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Coos County Commissioners reject smart meter ordinance

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Coos County Commissioners reject smart meter ordinance
Issue Time:2019-01-30
Coos County Commissioners reject smart meter ordinance
limit meter
COOS COUNTY — Coos County Commissioners voted against a proposed smart meter ordinance Tuesday night that would protect residents from excessive utility charges from electric service providers.
In response to a growing number of concerned citizens, the board listened to about 28 public comments from residents throughout the county all in opposition of Pacific Power’s smart meter rollout.
The ordinance, 19-01-004L, prohibited electric service providers from imposing economic hardship through its reading or reporting methods on its customers who choose to keep their analog or non-radio frequency digital meters.
Community members raised their concerns regarding the meter’s health and safety risks throughout the night echoing its radio-frequency, RF, emissions and fire hazards as top indicators it’s installation should be stopped.
Community members raised their concerns regarding the meter’s health and safety risks throughout the night echoing its radio-frequency, RF, emissions and fire hazards as top indicators it’s installation should be stopped.
Pacific Power representatives were also in attendance answering questions in regards to smart meters. Among them, Corey Estlund, a field support manager, addressed much of the safety concerns regarding meters assuring citizens that the meters they use are far more advanced than the first generation meters.
He said the meters they use now are from a different vendor than the ones involved in the Portland General Electric recall in which over 70,000 smart meters were returned due to fire hazard. Estlund also pointed out the low RF levels set below the regulated limits by the Federal Communications Commission.
In a split 2-1 vote, Commissioners John Sweet and Melissa Cribbins declined to second a motion set forth by Commissioner Bob Main to approve the ordinance and move forward with its adoption.
The board discussed a similar Josephine County ordinance, which was approved in October, that also prohibited charging customers excessive rates for opting out of smart meters.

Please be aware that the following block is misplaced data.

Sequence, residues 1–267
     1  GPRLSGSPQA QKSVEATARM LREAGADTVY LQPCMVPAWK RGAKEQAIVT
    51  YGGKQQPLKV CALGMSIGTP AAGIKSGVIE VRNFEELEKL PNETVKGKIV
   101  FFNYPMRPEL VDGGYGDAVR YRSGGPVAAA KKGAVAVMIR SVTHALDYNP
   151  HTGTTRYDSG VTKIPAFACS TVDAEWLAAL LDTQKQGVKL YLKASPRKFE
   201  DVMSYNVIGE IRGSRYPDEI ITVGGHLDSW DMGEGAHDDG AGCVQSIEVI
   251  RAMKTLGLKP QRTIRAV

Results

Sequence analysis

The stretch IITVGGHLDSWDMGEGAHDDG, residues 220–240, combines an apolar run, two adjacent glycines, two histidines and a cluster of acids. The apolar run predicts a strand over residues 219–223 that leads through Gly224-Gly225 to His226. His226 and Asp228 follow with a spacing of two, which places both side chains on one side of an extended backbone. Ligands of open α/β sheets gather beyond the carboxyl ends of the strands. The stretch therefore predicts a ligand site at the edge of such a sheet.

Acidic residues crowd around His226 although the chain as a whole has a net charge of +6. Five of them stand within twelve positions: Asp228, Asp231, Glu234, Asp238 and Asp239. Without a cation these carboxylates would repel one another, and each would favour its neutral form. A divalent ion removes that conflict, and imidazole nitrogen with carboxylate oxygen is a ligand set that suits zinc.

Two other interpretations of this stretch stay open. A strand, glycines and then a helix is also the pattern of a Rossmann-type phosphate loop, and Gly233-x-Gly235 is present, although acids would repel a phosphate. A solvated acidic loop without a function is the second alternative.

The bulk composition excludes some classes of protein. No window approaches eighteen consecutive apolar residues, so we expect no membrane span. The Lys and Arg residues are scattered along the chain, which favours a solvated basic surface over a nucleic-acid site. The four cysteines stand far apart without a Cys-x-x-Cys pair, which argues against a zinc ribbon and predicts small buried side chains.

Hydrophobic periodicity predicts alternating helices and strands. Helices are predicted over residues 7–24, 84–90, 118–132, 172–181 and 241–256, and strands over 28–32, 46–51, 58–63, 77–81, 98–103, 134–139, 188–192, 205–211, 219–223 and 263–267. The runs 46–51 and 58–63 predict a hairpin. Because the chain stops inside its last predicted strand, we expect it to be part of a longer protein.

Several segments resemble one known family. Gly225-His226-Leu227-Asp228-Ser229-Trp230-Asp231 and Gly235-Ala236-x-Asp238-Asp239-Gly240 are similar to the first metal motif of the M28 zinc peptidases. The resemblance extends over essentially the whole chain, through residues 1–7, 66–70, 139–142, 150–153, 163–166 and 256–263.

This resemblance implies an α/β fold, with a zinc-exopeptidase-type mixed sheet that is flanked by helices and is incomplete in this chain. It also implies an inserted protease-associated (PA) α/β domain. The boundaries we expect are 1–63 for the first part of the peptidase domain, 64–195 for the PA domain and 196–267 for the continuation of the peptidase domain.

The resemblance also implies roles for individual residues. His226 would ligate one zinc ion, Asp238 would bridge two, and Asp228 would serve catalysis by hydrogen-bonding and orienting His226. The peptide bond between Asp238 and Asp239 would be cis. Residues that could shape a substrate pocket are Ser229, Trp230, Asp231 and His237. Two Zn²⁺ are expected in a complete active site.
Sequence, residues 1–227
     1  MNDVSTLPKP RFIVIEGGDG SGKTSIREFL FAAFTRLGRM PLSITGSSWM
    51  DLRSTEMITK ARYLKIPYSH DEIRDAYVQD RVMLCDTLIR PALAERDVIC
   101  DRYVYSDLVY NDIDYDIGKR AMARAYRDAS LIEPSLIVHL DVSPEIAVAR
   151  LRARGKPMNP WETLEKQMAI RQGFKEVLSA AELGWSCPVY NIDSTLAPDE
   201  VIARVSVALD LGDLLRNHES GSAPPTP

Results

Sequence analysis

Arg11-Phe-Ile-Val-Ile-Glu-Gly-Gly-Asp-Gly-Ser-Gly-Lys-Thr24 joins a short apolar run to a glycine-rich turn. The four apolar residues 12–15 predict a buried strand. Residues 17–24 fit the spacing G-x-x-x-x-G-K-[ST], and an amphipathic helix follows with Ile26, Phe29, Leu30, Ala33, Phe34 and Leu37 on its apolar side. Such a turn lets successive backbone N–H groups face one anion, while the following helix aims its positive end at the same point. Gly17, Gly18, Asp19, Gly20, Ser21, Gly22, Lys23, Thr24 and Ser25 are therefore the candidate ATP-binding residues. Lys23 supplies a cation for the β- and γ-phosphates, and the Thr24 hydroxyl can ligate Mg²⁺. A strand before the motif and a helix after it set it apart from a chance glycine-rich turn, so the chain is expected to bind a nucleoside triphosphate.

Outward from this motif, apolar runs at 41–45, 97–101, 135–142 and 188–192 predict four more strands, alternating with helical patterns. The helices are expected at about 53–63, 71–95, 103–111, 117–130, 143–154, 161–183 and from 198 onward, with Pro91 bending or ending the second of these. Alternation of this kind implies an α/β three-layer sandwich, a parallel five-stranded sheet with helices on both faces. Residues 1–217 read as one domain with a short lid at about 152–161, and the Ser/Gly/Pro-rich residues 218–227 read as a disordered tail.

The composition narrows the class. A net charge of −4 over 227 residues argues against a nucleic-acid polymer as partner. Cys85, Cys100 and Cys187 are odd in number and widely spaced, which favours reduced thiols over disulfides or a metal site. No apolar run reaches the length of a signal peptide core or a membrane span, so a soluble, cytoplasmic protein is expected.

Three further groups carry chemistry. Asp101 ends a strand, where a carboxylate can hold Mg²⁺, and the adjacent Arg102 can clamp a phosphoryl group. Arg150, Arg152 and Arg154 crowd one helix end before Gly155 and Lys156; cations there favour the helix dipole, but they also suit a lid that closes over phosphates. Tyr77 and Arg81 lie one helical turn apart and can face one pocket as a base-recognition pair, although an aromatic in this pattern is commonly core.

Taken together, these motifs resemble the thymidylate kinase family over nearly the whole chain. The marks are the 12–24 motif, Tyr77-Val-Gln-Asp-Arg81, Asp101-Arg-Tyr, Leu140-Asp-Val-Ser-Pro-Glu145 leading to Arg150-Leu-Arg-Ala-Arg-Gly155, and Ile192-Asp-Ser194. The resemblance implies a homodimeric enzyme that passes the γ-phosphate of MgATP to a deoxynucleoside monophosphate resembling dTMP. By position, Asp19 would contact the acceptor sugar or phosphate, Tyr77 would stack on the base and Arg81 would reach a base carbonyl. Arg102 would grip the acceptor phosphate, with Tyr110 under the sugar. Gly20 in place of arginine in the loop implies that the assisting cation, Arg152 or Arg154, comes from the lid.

The state of Oregon is currently suing Josephine County over that ordinance citing its commissioners have no authority over deciding utility rates, which is actually regulated by the Oregon Public Utility Commission.
In that discussion, Cribbins pointed out the Association of Oregon Counties (AOC), which she currently sits on the board of, has plans to file a motion to intervene in that case.
“We have limited resources that we have to decide where to best allocate them,” Cribbins said. “If somebody else is already answering my question I can’t see a good reason why Coos County should use their limited legal assets to pay those bills which would require outside counsel.”
According to Cribbins, she declined to pass the ordinance in an effort to reduce the county’s risk in being involved in another possible lawsuit and deferred AOC to take the lead and represent the county’s interests.
The proposed ordinance also required providers to supply digital broadcasting, non-broadcasting, non-radio frequency digital and computerized analog reading and reporting methods as they sought fit.  
In December, Pacific Power began its installation of about 25,000 smart meters in Coos County. An opt-out fee was established of $36 for customers interested in keeping their analog or non-radio frequency digital meter. So far, about 18,000 smart meters have been installed.
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